i went to belmont to help my father plant 4 new trees in the backyard. when i arrived, i was horrified that he had pruned our long-growing lavender shrub down to the stumps. at the very least the leaves can be saved, as i reclaimed all the branches from the trash. he said he did this because 1) there were too much dead branches that needed to be cut, and 2) we were thinking about moving the lavender to a spot underneath the grapevines next to the recently relocated sage.

my father had already dug holes for the sourwood and the large potted kwanzan flowering cherry we bought yesterday from home depot. planting bareroot trees is a leap of faith, as often times the "tree" looks nothing more than a single long branch with some roots at the bottom. at least the sourwood had some additional branches so it looked more tree-like, but they looked dried and dead. we mixed compost with the dirt and sprinkled the special rooting formula fertilizer onto the wet roots and poured the rest into the hole. we dressed the area around the tree with a thick layer of compost mulch, making sure it wasn't up against the trunk.

next we then planted the flowering cherry. ideally the entire pot should be soaked in water, but we didn't have a big enough container to hold it. so my father sit it in a tub and watered for a while, hoping to saturate as much as the root as possible. unable to simply pull it from the plastic pot, we cut the pot instead to free the root ball. i read from the nature hills nursery planting directions to cut an inch off the bottom of the roots, which supposedly promotes growth. instead of the nature hills fertilizer, we used plant-tone instead, sprinkling a few scoops into the hole.

my father had also dug a third hole between the hostas for the barefoot kwanzan flowering cherry. it just needed to be expanded and moved further inwards. apparently when it comes to planting trees (and maybe the case for all transplants), it's not a matter of how deep the hole is, but rather how wide, since the roots will grow outwards. as i worked to expand the hole, my father was working on the 4th hole, located at the spot where our wire mesh compost bin used to be, between the pussy willow and the hawthorn. he worked at it with a cutting hoe, because there were a lot of tree roots and remnant bamboo rhizomes. as for the bareroots themselves, they look like they were either ground or air layered, that's why the main trunks look like they keep on growing beyond the roots themselves.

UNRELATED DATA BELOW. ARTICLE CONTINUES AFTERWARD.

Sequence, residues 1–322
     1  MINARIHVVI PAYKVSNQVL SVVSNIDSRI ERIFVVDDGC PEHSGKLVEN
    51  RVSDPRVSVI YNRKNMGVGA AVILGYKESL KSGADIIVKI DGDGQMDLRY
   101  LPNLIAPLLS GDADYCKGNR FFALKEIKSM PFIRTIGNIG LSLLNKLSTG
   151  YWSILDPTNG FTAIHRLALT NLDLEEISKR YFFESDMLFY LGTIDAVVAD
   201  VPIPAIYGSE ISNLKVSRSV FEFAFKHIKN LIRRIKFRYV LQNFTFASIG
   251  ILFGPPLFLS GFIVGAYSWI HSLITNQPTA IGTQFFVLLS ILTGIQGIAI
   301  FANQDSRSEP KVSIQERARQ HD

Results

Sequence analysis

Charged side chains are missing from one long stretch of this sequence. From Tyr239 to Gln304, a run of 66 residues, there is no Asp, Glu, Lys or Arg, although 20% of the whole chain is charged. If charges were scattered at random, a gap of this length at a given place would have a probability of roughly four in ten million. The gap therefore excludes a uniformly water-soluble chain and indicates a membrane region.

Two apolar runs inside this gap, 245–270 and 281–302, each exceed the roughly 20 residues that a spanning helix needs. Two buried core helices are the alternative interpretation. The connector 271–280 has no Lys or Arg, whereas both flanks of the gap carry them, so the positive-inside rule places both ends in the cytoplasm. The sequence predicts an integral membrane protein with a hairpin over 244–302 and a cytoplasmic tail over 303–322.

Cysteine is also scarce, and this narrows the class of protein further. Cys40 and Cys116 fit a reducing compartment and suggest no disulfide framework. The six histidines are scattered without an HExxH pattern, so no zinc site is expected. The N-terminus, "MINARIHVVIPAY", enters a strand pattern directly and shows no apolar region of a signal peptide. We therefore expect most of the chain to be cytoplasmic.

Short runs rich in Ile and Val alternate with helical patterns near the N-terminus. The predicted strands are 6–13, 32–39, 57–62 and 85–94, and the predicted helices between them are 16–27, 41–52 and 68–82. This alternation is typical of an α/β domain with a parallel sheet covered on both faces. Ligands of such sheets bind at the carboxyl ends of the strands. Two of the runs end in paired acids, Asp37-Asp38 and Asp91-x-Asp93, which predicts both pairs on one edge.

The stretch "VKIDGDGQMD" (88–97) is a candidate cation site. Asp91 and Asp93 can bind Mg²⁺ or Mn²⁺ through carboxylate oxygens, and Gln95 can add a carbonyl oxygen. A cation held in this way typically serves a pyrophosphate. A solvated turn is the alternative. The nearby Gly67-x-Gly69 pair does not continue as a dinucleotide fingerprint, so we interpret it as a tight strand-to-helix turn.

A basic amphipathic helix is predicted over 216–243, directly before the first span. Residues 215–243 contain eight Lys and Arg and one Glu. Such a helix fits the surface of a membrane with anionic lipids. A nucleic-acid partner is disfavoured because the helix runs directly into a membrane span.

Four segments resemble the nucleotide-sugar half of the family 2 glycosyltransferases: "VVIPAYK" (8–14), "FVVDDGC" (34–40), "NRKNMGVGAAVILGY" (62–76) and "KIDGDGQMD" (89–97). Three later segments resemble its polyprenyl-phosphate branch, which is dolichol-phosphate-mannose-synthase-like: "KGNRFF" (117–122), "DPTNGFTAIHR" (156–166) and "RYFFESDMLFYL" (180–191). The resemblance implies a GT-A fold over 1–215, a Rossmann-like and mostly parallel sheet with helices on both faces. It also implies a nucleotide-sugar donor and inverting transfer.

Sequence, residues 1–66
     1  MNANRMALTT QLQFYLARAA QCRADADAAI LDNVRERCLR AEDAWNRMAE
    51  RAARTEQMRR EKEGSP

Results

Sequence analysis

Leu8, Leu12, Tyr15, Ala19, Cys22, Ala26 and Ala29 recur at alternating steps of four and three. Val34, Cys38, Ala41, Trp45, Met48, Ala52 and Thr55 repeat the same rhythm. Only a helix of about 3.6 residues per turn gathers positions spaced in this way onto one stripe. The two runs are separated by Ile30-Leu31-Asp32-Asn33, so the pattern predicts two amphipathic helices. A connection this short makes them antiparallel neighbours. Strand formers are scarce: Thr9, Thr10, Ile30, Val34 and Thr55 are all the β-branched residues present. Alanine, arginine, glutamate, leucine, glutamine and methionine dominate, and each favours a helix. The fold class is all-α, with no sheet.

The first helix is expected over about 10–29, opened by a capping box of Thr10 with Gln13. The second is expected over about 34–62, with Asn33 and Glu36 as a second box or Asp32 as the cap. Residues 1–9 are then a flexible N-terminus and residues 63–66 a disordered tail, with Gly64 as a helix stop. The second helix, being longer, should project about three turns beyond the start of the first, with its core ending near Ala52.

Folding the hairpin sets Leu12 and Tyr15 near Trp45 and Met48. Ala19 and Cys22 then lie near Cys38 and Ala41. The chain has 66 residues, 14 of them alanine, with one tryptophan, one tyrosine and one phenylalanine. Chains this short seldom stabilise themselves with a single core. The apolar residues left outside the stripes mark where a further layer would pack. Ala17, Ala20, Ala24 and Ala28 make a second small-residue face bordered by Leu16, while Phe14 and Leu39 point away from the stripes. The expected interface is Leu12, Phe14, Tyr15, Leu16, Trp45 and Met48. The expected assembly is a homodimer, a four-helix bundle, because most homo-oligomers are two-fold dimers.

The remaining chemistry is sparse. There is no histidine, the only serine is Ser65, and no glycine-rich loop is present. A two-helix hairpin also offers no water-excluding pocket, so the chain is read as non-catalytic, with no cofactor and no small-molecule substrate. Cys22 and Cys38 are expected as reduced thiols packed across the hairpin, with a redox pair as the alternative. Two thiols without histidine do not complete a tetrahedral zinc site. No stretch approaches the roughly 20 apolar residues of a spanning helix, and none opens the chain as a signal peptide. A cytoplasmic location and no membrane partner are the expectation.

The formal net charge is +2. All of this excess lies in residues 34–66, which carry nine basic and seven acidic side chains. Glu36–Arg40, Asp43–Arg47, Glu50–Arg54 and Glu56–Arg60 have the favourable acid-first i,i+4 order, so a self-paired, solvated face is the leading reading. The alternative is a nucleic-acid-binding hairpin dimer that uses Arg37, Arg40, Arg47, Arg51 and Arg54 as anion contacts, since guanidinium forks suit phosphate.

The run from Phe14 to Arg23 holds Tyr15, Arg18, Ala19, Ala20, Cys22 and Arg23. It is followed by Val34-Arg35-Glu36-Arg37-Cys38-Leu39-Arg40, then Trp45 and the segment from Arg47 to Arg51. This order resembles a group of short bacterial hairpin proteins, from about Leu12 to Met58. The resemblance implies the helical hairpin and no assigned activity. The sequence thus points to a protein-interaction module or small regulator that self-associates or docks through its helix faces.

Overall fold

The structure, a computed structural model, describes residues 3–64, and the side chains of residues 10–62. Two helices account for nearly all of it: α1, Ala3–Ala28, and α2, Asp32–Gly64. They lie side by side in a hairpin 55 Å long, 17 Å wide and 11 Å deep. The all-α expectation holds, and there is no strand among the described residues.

once the holes were finished, we planted the trees, the flowering cherry followed by the redbud. even though neither of them had branches, the cherry at least had some height and there were buds forming on the trunk. the redbud looked nothing more than a thin branch with roots. although it was a humid and cloudy day (possible thunderstorms later in the afternoon), there were occasional breaks of sun so intense it hurt when it shined directly onto my skin.

we finally made it to downtown crossing, where we went inside macy's so my mother could use the bathroom. even then it took a while to find, and we finally had to ask someone. my mother didn't come to shop at macy's, there was another store she wanted to go to, but couldn't remember the name. we got back out onto the street so she could look for this store. it turned out to be primark, which i've heard about but never visited before. i remembered it to be a european clothing store. what i wasn't expecting was how big it was inside, 3 levels of shopping, in a glitzy modern interior, in the former filene's building though you couldn't recognize it from the inside. my sister's godmother introduced my mother to the place; she herself found out about it on her own one day while exploring downtown crossing. one thing i didn't know was everything they sell is their own brand, kind of like an old navy, except bigger. primark is trying to gain entry into the lucrative american department store game, and the boston store is one of their first, opened in 2015. business seemed good as there were a lot of shoppers. besides the huge selection, the prices were also dirt cheap, to the point where it becomes irresistible to buy. the customers tend to skew young, but there were the occasional older shoppers, and some that looked to be tourists. i didn't get anything while my mother picked up a few shirts.

we finally headed home, taking the red line to harvard square. we got to the station with a 73 bus due to arrival within minutes, so we didn't have to call my father to come pick us up. by the time we got to belmont, it began to sprinkle a bit. my mother took out her umbrella while i decided to brave the rain.